Baucus' Health Bill Draws Fire on Both Sides

WASHINGTON -- After months of bipartisan negotiations on a health care overhaul bill, Sen. Max Baucus, D-Mont., chairman of the Senate Finance Committee, on Tuesday made it official that he's moving ahead without Republican support. He told reporters he intends to unveil a detailed outline of legislation on Wednesday and convene the committee next week to vote on it.

Despite numerous gestures to Republicans, Baucus fell short in his quest to assemble a coalition of senators from both parties behind his plan.

Baucus' proposal is certain to shun the liberals' call for the government to sell insurance, and rely instead on co-ops to offer coverage in competition with private industry. His approach includes a requirement for individuals to buy insurance, with financial penalties for those who don't. Rather than a mandate for larger businesses to provide coverage for employees, they would be required to defray the cost of any government subsidies their employees would qualify for.

"I expect by the time we finally vote in the committee, there will be Republican support," Baucus said, but other Democrats said they believed Sen. Olympia Snowe, R-Maine, may be the only one of the panel's 10 GOP members to vote for the package. Sens. Charles Grassley of Iowa and Mike Enzi of Wyoming have also been involved in the marathon negotiations, but both have raised late objections.

Liberals, too, expressed their unhappiness.

"The way it is now there is no way I can vote for the package," Sen. Jay Rockefeller, D-W.Va., said on a conference call with reporters.

Grassley applauded Baucus' effort at bipartisanship, but complained that Senate Democratic leaders and the White House had imposed an artificial deadline on the negotiators and that Democratic leaders "haven't made a commitment to back a broad bipartisan bill through the entire process."

"It looks like we're being pushed aside by the Democratic leadership so the Senate can move forward on a bill that, up to this point, does not meet the shared goals for affordable, accessible health coverage that we set forth when this process began," Grassley said in a statement.

He cited Republican concerns over cost, taxpayer funding for abortion services, medical malpractice and subsidies for illegal immigrants in any health care bill.

"We've been clear from the start that we're willing to stay at the table," Grassley added. "There's no reason not to keep working until we get it right."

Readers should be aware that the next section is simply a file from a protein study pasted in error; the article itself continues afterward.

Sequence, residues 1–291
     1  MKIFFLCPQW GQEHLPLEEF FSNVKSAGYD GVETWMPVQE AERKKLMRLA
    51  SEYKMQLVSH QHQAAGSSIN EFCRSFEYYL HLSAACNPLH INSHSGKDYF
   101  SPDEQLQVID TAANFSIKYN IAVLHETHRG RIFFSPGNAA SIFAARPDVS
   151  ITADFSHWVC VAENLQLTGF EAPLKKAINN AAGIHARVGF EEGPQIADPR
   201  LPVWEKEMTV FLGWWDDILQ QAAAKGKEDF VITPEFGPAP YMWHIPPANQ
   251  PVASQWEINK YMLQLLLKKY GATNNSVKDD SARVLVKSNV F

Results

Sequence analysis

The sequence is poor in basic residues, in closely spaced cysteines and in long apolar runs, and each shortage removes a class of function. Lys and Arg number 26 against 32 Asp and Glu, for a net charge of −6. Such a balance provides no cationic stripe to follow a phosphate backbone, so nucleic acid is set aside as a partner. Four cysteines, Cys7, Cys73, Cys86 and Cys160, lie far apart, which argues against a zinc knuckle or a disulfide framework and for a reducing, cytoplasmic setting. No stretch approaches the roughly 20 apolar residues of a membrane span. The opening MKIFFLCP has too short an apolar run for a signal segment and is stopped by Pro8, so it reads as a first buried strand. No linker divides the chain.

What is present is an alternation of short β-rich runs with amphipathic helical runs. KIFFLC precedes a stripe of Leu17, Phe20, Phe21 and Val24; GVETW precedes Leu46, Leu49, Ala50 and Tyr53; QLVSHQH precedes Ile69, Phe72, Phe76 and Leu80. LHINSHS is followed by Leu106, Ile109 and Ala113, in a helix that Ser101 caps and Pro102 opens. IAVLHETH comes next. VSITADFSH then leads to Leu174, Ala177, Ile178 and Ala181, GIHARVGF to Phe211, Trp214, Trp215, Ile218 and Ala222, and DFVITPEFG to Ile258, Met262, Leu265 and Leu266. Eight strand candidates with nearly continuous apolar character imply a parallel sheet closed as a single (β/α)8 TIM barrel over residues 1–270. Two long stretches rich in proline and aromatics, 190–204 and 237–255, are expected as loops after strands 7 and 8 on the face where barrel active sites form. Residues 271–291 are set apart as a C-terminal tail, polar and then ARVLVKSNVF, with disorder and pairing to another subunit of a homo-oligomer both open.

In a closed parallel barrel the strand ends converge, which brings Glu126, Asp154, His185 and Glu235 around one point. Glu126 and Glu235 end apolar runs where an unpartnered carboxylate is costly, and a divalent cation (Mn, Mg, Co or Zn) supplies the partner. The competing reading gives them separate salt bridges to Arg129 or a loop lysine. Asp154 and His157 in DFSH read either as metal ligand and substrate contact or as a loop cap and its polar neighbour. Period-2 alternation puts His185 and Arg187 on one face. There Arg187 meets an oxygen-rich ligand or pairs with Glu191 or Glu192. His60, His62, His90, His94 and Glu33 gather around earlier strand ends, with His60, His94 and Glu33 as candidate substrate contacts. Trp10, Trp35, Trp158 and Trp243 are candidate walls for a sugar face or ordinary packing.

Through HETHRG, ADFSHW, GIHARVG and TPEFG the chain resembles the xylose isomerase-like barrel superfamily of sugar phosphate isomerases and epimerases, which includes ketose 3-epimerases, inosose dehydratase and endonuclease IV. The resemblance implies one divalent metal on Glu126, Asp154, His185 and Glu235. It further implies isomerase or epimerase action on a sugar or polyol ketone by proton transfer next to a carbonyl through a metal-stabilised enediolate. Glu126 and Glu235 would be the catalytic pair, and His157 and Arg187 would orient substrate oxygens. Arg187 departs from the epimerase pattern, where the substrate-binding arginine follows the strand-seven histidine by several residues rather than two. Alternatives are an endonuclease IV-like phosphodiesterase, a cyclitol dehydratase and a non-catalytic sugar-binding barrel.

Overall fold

Whatever the difficulties, Democrats appeared to gain precious political ground with word that the Massachusetts Legislature could begin voting this week on legislation permitting Gov. Deval Patrick to appoint an interim replacement for the late Sen. Edward M. Kennedy. That would give Democrats a 60th seat in the Senate, and help them overcome any filibuster mounted by Republicans.

Congressional Democrats are grappling with President Obama's unexpected call for immediate access to insurance for those with pre-existing medical conditions, as well as richer Medicare drug benefits than envisioned in early versions of health care legislation.

Additionally, Obama's pledge in last week's prime-time speech to hold the overall cost of legislation to about $900 billion over a decade has spread concern among House Democrats, who have long contemplated a costlier measure.

Yet another late complication, according to several Democrats, is the president's statement that he will not sign a bill "if it adds one dime to the deficit, now or in the future, period. And to prove that I'm serious, there will be a provision in this plan that requires us to come forward with more spending cuts if the savings we promised don't materialize."

The $900 billion target is "very difficult," Rep. Charlie Rangel, D-N.Y., chairman of the House Ways and Means Committee, said Tuesday. "This is reducing coverage for poor and working people."

Rangel spoke of other "restrictions the president has given in his speech," commenting after senior House Democrats pressed top administration officials in a private meeting for an explanation of Obama's $900 billion price tag.

Obama outlined his conditions in last week's speech and an accompanying fact sheet posted on the White House Web site as Democrats point toward votes in the House and Senate this fall.

Obama's decision to detail terms for health care legislation came after months of public deference to lawmakers.

Neither the bill making its way to the House floor nor two companion measures in the Senate included an interim program to assure coverage for consumers with pre-existing medical conditions. Instead, the bills would have waited until 2013, when numerous consumer protections are envisioned.

Sen. Kent Conrad, D-N.D., said the six-member bipartisan group of senators was working at the last minute to meet the president's request. Another official, who spoke on condition of anonymity, said it involved creation of a high-risk insurance pool, beginning in 2010.

No details were available about costs, either to the consumer or the government.

In the House, a spokesman for the Ways and Means Committee said legislation does not include Obama's request for immediate availability of insurance for those with pre-existing medical conditions. But lawmakers "are currently drafting a provision for inclusion in the final bill," the spokesman, Matthew Beck, added in an e-mail.

Officials in both houses said fulfilling Obama's request on Medicare prescription drug benefits would be considerably more difficult, citing the cost.

Nearly a week after Obama's speech, White House aides have not released key details of Obama's various other proposals, including their cost.